Roger Ebert on What Makes a Movie Great

“We live in a box of space and time. Movies are windows in its walls. They allow us to enter other minds—not simply in the sense of identifying with the characters, although that is an important part of it, but by seeing the world as another person sees it. François Truffaut said that for a director it was an inspiring sight to walk to the front of a movie theatre, turn around, and look back at the faces of the audience, turned up to the light from the screen. If the film is any good, those faces reflect an out-of-the-body experience: The audience for a brief time is somewhere else, sometime else, concerned with lives that are not its own. […]

What happens when you see a lot of good movies is that directorial voices and styles begin to emerge. You see that some movies are made by individuals, and others by committees. Some are simply about the personalities they capture (the Marx Brothers and Astaire and Rogers). Others are about the mastery of genre, from Star Wars, which attempts to transcend swashbuckling, to Detour, which attempts to hide in the shadows of noir. Most good movies are about the style, tone and vision of their makers. A director will strike a chord in your imagination, and you will be compelled to seek out the other works. Directors become like friends. Buñuel is delighted by the shamelessness of human nature. Scorsese is charged by the lurid possibilities of Catholic guilt. Kurosawa celebrates individuals in a country that suspects them. Wilder is astonished by the things some people will do to be happy. Keaton is about the struggle of man’s spirit against the physical facts of the world. Hitchcock creates images that have the quality of guilty dreams. Sooner or later every lover of film arrives at Ozu, and understands that the movies are not about moving but about whether to move.”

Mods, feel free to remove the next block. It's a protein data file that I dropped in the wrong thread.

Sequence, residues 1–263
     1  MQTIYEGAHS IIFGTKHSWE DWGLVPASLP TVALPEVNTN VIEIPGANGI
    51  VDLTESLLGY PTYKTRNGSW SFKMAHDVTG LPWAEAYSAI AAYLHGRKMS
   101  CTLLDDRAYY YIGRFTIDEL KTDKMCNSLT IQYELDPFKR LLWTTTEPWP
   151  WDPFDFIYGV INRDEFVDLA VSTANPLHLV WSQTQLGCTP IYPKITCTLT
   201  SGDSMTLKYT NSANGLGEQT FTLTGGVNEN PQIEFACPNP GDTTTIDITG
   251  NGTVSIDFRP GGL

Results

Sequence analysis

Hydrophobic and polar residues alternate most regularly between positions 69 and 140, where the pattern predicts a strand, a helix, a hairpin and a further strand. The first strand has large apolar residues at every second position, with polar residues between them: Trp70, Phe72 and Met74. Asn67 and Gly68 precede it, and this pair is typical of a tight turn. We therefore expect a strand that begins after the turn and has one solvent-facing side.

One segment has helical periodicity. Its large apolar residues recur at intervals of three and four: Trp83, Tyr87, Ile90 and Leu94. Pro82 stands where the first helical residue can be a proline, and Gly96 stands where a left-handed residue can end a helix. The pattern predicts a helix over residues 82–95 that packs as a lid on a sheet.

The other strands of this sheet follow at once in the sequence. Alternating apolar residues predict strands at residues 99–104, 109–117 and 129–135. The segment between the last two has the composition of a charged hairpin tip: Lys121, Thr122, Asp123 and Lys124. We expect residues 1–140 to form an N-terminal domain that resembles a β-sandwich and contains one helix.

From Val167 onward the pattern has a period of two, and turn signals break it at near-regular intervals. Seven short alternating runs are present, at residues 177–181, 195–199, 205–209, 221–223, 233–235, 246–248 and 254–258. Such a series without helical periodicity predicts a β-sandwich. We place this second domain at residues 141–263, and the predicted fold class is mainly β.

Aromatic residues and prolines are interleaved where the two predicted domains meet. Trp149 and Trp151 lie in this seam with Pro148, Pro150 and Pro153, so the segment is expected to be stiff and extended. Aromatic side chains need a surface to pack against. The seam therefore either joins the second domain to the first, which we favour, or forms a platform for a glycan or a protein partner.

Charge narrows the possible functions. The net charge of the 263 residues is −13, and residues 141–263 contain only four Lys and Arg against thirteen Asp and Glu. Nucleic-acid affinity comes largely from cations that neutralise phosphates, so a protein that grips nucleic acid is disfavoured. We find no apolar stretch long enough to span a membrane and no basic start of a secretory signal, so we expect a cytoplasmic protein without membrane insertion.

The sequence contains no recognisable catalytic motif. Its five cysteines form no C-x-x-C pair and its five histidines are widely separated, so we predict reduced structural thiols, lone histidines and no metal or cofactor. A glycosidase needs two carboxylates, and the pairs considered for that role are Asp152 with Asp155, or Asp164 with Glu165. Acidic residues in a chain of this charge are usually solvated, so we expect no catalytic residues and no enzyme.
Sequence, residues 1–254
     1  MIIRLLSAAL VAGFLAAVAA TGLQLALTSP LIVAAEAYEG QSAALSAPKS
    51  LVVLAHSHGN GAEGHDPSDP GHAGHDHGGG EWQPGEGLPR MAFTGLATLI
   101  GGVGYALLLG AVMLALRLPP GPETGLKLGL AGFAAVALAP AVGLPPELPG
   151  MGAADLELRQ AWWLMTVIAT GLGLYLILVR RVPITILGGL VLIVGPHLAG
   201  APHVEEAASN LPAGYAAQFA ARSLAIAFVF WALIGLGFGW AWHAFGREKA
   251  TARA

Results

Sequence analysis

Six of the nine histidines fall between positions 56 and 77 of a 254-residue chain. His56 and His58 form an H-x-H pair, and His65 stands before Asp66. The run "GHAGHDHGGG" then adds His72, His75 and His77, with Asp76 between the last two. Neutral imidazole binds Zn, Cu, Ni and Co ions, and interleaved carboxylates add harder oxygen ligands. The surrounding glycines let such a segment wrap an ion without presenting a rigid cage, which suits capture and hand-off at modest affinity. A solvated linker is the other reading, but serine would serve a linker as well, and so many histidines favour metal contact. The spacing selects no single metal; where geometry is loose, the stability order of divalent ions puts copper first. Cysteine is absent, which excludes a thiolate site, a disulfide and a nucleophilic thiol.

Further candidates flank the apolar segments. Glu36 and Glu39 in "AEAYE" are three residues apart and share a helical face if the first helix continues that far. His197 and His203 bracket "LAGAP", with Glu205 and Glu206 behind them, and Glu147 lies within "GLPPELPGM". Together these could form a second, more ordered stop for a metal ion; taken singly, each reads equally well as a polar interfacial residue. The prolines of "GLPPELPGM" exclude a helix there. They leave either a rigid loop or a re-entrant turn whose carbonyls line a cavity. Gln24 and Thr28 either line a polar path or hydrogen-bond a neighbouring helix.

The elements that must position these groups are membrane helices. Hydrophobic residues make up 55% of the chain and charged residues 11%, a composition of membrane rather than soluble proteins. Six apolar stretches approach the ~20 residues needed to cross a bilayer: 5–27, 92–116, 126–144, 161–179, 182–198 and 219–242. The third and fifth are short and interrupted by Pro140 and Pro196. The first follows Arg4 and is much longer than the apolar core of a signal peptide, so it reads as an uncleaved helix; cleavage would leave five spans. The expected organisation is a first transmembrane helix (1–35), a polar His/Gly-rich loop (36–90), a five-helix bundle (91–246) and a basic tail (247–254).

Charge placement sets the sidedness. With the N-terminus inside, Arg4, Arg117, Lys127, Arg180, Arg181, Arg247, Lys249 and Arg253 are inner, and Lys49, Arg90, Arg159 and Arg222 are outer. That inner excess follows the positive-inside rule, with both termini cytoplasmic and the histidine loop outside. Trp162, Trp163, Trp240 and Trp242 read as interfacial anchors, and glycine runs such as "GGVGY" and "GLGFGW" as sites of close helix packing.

Roger Ebert, The Great Movies (2002)


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